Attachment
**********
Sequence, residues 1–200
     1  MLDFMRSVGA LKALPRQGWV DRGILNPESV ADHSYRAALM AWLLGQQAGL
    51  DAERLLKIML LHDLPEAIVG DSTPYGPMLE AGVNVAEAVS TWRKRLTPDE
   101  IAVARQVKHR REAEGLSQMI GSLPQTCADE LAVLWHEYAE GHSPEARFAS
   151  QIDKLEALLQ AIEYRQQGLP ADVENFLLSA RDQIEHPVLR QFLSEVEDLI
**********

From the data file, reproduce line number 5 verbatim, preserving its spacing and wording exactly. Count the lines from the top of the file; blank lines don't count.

   151  QIDKLEALLQ AIEYRQQGLP ADVENFLLSA RDQIEHPVLR QFLSEVEDLI